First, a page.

Saturday, 17 March 2018

Gold Dance

If I could wish for anything in my new state as 'time-starved Dad who still wants to be a climber' it would be to find a load of brand new boulder problems close to home. In this ideal scenario the rock would be clean and quick drying and at least a few of the problems would be hard enough to take some serious trying. Well...

In the damp last week of December I went out for a drive to see what the conditions were like on the local boulders.  I wasn't climbing, but I'd been granted a pass for the next day and didn't want to waste it, so I was heading out to see whether Scatwell was likely be worth a try. I'd not been up Strathconon for months as all my recent bouldering had been spent trying (and failing on) the dreaded 'Hygge Project' on the Bus Boulder at Inchbae. I'd started to lose interest in the endless sessions of failure so fancied a change of scene. On rounding a corner a mile or so before the Luichart power station I saw that there had been a load of recent clearfelling on the slope above the road. Last time I drove down here there was an impenetrable wall of spruce right down to the road, hiding anything lurking beneath. Now, scalped, the bare slope might revealed it's secrets.  Driving a little further, I spotted a grey lump poking out from the top of a small knoll: rock!

The next day I forwent a climbing session and returned with the cleaning kit, spending a merry couple of hours scrubbing moss, digging out decades of accumulated spruce needles and trying to create some order in the chaos of fallen brash on and around the boulders.  In general though, the rock, a rough grey schist, was naturally very clean and didn't need much cleaning. By the time I'd finished I took a step back and admired, fairly happy that there was something here to return to with shoes, chalk and pads. 
How I found it
After a bit of T.L.C.

Over the following weeks I used my precious climbing passes to explore this little collection of rocks, emancipated from their sprucey prison.  There are 10 problems there now plus a couple of variations, mostly in the lower grades of 4ish to 6Bish, but there's a couple in the 6C-7A bracket and a still-to-be-done project that I suspect will be a notch or two harder.

 The best from day one: a nice easy arete called The Sleeping Lady (6A?), named after the skyline formed by the hills above our house, which looks like, um, a sleeping lady.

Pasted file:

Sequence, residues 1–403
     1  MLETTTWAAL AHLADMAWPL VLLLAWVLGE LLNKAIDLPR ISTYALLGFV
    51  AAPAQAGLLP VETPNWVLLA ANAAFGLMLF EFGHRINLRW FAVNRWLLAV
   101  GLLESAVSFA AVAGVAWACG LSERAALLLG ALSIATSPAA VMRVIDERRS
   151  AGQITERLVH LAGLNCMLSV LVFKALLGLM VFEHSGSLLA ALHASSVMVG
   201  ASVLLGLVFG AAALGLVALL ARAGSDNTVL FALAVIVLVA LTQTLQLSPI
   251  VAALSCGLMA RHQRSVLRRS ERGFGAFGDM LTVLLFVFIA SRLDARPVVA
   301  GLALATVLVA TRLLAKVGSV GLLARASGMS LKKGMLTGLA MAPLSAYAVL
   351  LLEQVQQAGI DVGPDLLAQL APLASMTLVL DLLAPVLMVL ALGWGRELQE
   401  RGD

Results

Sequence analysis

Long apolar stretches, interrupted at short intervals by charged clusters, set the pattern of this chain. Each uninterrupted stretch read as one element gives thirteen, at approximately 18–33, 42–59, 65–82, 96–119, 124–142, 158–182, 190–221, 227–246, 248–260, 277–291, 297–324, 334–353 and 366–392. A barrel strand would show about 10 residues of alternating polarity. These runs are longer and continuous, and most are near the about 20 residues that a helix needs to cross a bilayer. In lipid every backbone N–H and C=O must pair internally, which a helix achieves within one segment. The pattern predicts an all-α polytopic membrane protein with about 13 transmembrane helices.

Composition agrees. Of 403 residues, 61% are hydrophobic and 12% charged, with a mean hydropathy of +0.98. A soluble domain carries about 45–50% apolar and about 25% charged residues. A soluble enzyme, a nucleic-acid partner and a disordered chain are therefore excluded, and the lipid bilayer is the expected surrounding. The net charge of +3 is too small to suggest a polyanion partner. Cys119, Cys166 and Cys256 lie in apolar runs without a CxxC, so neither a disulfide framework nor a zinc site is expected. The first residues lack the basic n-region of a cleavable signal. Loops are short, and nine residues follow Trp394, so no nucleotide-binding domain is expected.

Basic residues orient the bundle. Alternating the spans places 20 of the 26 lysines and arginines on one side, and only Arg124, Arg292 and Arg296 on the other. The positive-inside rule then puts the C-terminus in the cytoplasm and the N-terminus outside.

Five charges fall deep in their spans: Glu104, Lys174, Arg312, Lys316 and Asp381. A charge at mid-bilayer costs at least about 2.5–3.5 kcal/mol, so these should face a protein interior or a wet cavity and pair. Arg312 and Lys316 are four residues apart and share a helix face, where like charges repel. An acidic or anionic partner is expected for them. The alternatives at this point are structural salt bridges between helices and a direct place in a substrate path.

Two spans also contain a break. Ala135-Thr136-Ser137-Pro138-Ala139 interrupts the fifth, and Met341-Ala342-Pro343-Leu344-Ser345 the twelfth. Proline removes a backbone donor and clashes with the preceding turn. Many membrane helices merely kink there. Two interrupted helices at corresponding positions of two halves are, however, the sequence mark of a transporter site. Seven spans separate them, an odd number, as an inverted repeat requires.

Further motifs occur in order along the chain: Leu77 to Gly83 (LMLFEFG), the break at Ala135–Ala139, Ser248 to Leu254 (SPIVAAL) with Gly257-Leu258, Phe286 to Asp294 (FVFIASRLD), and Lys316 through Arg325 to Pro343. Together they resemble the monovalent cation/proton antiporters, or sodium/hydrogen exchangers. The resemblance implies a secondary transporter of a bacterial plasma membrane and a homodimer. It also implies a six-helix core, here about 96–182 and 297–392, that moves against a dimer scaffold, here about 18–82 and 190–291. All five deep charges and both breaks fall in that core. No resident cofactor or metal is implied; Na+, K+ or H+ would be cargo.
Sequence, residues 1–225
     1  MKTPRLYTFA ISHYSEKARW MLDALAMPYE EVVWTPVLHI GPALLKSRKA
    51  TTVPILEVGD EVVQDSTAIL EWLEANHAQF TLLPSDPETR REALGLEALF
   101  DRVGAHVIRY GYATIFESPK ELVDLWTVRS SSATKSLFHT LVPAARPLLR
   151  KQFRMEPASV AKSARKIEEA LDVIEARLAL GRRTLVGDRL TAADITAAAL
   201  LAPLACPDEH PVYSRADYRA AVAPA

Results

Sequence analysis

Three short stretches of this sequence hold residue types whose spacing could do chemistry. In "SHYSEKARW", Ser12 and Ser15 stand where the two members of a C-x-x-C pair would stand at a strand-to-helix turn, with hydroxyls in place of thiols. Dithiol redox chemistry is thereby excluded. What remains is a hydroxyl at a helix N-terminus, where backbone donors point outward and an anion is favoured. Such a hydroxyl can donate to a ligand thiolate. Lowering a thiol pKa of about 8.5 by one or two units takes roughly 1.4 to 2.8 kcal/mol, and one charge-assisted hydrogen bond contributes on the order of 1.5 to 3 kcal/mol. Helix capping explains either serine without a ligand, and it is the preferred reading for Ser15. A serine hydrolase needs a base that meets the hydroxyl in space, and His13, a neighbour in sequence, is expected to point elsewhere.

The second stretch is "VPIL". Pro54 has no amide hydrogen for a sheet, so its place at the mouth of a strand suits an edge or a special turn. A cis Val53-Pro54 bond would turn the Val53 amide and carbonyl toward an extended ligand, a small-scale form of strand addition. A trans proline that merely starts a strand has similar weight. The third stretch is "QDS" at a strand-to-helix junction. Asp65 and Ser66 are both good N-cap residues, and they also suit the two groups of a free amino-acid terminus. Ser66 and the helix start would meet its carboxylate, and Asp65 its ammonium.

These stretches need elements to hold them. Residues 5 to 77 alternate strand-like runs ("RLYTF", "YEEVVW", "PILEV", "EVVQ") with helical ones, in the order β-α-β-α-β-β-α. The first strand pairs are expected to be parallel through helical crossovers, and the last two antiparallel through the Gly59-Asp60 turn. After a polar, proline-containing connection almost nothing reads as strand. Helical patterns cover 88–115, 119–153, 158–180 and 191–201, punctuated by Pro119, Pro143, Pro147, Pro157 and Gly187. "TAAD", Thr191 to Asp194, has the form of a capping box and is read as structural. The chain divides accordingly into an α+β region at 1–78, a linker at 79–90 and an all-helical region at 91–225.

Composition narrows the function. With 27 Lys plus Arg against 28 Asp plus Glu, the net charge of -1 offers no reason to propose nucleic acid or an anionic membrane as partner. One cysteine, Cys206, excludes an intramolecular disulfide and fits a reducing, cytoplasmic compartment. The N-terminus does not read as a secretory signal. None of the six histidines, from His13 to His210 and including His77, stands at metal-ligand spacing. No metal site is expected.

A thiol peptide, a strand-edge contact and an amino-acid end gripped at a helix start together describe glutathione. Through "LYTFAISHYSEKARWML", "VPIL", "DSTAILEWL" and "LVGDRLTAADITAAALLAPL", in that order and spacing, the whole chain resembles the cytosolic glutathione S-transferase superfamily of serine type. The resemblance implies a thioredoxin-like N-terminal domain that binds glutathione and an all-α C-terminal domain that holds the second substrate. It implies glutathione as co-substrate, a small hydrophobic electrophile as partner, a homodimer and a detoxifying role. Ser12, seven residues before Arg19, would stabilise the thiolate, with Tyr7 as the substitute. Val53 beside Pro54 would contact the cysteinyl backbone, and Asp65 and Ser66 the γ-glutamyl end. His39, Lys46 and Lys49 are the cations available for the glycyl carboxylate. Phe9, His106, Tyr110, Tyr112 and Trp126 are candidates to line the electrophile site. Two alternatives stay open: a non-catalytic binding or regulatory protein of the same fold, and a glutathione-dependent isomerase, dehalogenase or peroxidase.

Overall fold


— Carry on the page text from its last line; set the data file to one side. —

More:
Sleep Thief (6C?) held out over a couple of sessions and provides a nice bit of slappy burl in an ocean of felled brash.
The pick of the bunch I've called Gold Dance after Andy and Lance's promise to each other in Mackenzie Crook's superb series Detectorists.  If ever they find gold when out metal detecting they tell each other they'll do a dance to celebrate, the gold dance. For me, finding these boulders at this time in my life is like striking gold. I've tentatively given it 7A because it took a fair bit of trying before I finally worked out how to climb it, but freely admit that I have no idea.  My grade calibrator is non-existent these days, having pretty much only climbed on my own problems for the last six months. I suspect that because I've not managed to train or climb as much as in the past I'm getting shitter but have no way of knowing it, so the grades may need re-evaluation...
Gold Dance (7A?) squeezes between the arete and the crack.

Strathconon is hardly a popular place for boulderers to visit, but between the Scatwell Boulder, the Meig Boulders, the lone (but quality) Super Beetle problem at Glenmarksie and now this, not to mention the deep water highballs beside the Conon road bridge, it's actually a pretty cool place.
The Last Great Project, climbing the arete of Gold Dance without the crack off to the left. I've failed spectacularly so far and am happy to hand it over to anyone keen enough to bother exploring this bouldering backwater.


Scragrock said...

Nice blog as usual Gaz. i would love to pop up and check out your problems when i get back from Font.


Brynski said...

Well done for cleaning these! I only just got round to checking them out the other day and was delighted to find someone else had done all the hard work! I put a top rope on the slab for Rowan (5), but we soon had to bail as the wind picked up and started blowing everything away. I did manage to cut off a couple of annoying stumps, particularly the one under your project arete. Hope to actually sample the climbing myself sometime soon!

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